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Last Updated: Sunday, 17 October, 2004, 11:55 GMT 12:55 UK
Landmark school reforms proposed
Mike Tomlinson
Mike Tomlinson has sought to build a consensus for his plans
The biggest shake-up of secondary schooling in England for decades has been proposed in a major report.

GCSEs, A-levels and vocational qualifications should evolve over the next decade into a new diploma system, the Tomlinson report recommends.

But there are signs the proposals will not have a political consensus.

The Conservatives say they would go back to having a fixed quota of A-level students getting the top grade, and keep external exams at the age of 16.

Basic skills

Under the Tomlinson plans, there would be fewer exams but, at advanced level, tougher questions would stretch the brightest.

There would be clearer routes for those wanting more specialised, work-related learning within the diploma.

Four-level diploma to be introduced as new qualification
A-level and GCSE courses would be components
Pupils learn at own pace, take exams when ready
Vocational options improved
Mandatory basic English and maths
Recognition for other experiences, such as voluntary work
Coursework replaced by a single big project
Changes gradual - taking perhaps a decade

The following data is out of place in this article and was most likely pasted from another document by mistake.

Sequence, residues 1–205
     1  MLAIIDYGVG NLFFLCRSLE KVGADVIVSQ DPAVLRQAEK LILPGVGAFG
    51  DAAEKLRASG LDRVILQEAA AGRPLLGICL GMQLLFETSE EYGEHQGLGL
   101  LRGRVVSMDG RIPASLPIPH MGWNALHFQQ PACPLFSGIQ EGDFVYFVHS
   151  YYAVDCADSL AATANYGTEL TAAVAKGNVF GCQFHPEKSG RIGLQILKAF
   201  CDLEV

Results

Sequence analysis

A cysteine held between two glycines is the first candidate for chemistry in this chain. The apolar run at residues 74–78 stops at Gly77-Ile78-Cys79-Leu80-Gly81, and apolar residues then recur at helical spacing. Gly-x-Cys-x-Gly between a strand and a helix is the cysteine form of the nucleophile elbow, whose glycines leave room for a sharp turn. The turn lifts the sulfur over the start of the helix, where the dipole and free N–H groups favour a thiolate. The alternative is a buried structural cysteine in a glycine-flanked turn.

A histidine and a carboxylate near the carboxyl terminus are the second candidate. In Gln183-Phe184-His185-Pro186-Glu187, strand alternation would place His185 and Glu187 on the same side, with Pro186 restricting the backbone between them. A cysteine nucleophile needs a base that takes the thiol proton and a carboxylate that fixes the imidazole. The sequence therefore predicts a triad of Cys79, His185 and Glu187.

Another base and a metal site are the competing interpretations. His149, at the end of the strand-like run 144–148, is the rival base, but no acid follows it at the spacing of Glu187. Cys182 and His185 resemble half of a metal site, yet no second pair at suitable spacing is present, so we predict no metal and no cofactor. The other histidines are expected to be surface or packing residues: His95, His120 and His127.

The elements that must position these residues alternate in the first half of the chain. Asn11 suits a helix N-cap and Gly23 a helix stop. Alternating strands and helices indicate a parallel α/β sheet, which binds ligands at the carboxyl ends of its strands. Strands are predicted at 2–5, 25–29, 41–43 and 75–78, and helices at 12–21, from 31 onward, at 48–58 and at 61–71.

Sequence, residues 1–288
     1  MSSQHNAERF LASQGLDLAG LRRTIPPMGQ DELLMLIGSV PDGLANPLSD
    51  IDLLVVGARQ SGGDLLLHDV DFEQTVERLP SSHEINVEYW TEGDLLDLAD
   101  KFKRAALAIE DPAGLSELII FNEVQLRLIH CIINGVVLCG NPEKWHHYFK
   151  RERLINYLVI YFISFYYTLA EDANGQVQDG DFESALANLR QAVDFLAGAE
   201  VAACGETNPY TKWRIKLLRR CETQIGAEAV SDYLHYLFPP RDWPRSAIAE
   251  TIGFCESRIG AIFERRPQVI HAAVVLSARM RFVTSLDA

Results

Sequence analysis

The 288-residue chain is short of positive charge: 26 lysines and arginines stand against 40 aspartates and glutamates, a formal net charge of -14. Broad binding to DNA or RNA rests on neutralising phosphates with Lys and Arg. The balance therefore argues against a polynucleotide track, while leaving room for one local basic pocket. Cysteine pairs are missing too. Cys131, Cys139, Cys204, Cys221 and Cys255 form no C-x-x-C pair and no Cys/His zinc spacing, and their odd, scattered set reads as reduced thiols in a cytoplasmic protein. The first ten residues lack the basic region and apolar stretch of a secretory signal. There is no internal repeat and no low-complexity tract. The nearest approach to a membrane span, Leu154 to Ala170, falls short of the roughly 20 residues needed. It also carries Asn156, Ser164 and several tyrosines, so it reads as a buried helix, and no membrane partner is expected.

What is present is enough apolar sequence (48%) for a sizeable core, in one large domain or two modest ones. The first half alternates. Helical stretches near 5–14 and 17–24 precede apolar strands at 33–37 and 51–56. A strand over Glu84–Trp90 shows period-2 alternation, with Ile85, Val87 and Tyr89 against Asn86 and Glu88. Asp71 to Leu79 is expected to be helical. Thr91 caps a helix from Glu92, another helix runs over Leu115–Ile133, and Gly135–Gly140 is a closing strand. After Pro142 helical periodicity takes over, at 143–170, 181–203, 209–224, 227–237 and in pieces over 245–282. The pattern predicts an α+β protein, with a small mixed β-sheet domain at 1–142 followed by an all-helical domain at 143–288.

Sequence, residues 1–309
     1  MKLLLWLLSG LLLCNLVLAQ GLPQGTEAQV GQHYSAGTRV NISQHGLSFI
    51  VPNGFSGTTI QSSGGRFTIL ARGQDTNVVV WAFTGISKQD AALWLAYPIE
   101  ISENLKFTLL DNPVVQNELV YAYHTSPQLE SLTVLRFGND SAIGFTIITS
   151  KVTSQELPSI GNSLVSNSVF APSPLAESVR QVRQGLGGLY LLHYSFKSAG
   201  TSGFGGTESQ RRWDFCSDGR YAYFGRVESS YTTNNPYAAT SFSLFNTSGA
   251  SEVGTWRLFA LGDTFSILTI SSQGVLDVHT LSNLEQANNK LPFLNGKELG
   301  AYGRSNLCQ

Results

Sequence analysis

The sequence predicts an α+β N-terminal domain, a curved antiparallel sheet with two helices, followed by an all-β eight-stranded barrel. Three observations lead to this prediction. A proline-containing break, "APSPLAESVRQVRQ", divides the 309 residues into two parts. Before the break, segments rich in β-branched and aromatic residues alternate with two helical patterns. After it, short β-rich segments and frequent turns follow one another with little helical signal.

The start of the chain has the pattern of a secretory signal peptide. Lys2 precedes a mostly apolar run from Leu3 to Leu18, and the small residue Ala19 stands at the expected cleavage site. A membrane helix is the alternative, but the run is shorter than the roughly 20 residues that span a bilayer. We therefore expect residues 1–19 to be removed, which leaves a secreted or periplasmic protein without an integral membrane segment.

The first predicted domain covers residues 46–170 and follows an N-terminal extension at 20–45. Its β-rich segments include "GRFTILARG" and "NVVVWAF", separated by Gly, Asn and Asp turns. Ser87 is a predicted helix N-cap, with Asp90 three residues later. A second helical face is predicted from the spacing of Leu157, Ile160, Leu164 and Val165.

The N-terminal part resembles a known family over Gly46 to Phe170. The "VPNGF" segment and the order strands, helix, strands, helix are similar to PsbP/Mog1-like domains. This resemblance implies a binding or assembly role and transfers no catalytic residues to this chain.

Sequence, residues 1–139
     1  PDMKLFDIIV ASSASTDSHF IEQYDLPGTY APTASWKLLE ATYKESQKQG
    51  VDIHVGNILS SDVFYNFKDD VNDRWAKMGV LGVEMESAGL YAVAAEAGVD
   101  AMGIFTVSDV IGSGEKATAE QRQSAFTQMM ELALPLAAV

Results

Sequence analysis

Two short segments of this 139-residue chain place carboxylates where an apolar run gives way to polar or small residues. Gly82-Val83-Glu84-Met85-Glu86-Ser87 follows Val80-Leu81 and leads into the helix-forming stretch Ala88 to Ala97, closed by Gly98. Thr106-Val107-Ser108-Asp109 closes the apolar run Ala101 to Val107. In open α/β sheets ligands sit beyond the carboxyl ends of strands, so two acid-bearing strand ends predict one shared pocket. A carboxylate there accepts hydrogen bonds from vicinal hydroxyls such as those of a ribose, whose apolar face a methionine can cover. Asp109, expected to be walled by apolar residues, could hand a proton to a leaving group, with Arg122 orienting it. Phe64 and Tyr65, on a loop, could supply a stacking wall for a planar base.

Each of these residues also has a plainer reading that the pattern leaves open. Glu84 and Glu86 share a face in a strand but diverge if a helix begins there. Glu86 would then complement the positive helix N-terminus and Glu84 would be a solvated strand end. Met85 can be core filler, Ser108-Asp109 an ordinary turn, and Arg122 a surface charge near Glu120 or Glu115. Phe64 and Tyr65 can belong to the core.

And everyone would have to have the "core" communication and numeracy skills businesses say children often lack.

The changes, taking up to 10 years to implement if adopted by the government, were recommended by the working party on 14 to 19 learning headed by Mike Tomlinson, former chief inspector of England's schools.

The advanced diploma exams would include extra questions to challenge those at higher ability levels.

These would offer new A+ and A++ grades on top of the present A grade.

But the Conservatives dropped something of a bombshell on Sunday by saying they would turn back the clock to the system that used to exist until the early 1980s.

This would mean only a fixed proportion of students, perhaps 5% or 10%, could get a top grade, however well the others did against an objective standard.

Advanced - AS-level and A-level, Level 3 NVQ, BTec Nationals and others
Intermediate - GCSEs grades A* to C, Intermediate GNVQ, Level 2 NVQ and others
Foundation - GCSEs grades D to G, Level 1 NVQ and others
Entry level - Entry level certificates
At intermediate level, roughly equivalent to the current GCSEs, the Tomlinson ideas are likely to involve a far greater reliance on internal assessment by teachers.

But classroom teachers' unions have expressed concern that their members' workloads might increase.

And Conservative spokesman Tim Collins said his party wanted to keep external assessment.

Employers also remain sceptical about the Tomlinson proposals.

Others have welcomed them, however.

"What I want from the government is strong support for the Tomlinson report - I don't want any fudge," said David Hart, general secretary of the National Association of Head Teachers.

The report proposes the biggest shake-up since the 1940s

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